Ashley, REPIPHYSIS® Expandable Limb Salvage Implant Recipient
When Ashley's mother, Donna, ran her hand over her 10 year-old daughter's left leg and felt a bump, they both assumed it was a minor injury from gymnastics class. Several days later the bump remained and Ashley's father, Floyd, became suspicious when he noticed there was no bruising around the area. He suggested Ashley see a doctor right away for x-rays. Ashley's pediatrician confirmed Floyd's instinct that it was not just a minor bump on Ashley's leg. Ashley was immediately sent to orthopedic specialist, Mike Neel, at St. Jude Children's Research Hospital in Memphis, TN. Dr. Neel diagnosed Ashley with osteosarcoma, the most common type of bone cancer in children, frequently occurring in the femur, tibia or humerus.
A strong and religious family, they remained positive after hearing the diagnosis and concentrated all efforts on Ashley's treatment. Thankfully, tests revealed the cancer had not spread outside of Ashley's leg. After four rounds of chemotherapy, Dr. Neel told them they had successfully reduced the size of the tumor and it was time to surgically remove it. Because of the location of the tumor, Ashley's growth plate would also have to be removed.
As a replacement for the bone to be removed, Dr. Neel suggested the REPIPHYSIS® Expandable Implant, the first bone replacement that does not require additional surgeries to lengthen the implant as the child's healthy limb grows. Instead, when the healthy limb grows, a 20 second, noninvasive procedure is performed to lengthen the prosthetic. The doctor places a magnetic field outside the patient's body to initiate the lengthening process and the field activates the expansion mechanism inside the REPIPHYSIS® implant, allowing the spring inside the device to expand. Based on the location of Ashley's tumor, Dr. Neel felt Ashley was an ideal candidate for the treatment option.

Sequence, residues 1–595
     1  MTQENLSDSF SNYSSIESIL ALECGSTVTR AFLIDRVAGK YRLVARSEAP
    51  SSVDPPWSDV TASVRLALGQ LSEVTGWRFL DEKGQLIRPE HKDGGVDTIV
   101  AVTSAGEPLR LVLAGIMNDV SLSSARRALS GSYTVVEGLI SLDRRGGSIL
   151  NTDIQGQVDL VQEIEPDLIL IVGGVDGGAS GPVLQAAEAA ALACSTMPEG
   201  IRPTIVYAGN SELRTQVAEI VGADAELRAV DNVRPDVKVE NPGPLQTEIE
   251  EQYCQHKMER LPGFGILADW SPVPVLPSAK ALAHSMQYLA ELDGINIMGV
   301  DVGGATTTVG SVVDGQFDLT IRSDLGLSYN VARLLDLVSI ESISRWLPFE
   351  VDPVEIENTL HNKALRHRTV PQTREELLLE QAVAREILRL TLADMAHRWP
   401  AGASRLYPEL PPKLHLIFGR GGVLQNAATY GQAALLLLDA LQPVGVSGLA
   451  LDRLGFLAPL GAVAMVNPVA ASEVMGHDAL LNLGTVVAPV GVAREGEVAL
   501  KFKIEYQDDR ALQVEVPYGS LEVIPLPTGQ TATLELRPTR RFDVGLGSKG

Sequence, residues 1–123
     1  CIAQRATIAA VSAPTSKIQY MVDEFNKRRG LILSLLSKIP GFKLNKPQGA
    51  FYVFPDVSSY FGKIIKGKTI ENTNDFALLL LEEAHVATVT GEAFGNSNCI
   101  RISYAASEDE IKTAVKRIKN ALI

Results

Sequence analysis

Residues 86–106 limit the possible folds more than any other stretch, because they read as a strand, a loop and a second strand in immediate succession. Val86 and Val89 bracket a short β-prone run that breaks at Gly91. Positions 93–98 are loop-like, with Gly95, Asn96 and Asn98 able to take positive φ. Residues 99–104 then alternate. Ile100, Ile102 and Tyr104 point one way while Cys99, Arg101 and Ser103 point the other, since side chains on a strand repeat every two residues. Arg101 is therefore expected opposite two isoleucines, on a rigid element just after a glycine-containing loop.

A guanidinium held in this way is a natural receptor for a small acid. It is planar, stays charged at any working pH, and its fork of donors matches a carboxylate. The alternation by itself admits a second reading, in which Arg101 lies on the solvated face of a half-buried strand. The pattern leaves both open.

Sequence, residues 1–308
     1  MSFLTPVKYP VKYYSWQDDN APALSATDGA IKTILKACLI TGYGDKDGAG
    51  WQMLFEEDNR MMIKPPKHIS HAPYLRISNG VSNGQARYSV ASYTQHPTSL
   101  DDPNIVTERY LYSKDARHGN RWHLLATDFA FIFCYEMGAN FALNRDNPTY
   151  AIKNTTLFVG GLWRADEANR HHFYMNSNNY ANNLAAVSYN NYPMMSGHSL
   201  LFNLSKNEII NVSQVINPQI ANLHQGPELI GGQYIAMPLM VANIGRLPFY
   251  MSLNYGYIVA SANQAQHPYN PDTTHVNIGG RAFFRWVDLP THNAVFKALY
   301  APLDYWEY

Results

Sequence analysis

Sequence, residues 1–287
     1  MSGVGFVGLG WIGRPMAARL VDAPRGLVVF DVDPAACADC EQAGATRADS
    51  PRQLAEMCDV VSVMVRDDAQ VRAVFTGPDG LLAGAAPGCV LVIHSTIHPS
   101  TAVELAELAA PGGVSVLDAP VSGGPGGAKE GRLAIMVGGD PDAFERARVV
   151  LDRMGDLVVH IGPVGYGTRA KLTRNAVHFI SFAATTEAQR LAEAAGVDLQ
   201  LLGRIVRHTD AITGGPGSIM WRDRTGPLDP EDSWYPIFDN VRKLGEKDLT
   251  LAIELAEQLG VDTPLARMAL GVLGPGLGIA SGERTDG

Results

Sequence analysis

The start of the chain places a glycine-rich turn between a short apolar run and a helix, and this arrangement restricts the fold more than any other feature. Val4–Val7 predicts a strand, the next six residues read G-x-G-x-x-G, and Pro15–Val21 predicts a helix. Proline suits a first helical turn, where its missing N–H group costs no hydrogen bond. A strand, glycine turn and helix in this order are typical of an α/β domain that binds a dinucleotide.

Ashley had the REPIPHYSIS® device implanted in August of 2002. The family were thrilled that their daughter did not need an amputation and was able to keep her leg. The surgery was a success and Ashley continued on the path to recovery.
Now, more than two years later, Ashley is functioning and thriving as a normal twelve-year-old. She is active in her church youth group and especially likes drama group. Many afternoons are spent at cheerleading practice or riding her bike around the neighborhood with friends.
"The year after Ashley's diagnosis was a trying time for our family, but with the support from our family, friends, the unbelievable staff at St. Jude's and advancements in medicine, Ashley pulled through and is thriving," said Donna.
"We are committed to raising awareness for the REPIPHYSIS® Expandable Implant option so that other children with osteosarcoma will also be aware of this wonderful option that may enable them to keep their legs."
These results are specific to this individual only. Individual results and activity levels after surgery vary and depend on many factors including age, weight and prior activity level.
There are risks and recovery times associated with surgery and there are certain individuals who should not undergo surgery.
Only a physician can tell you if this product and associated procedure are right for you and your unique circumstances. Please consult with a physician for complete information regarding benefits, risks and possible outcomes.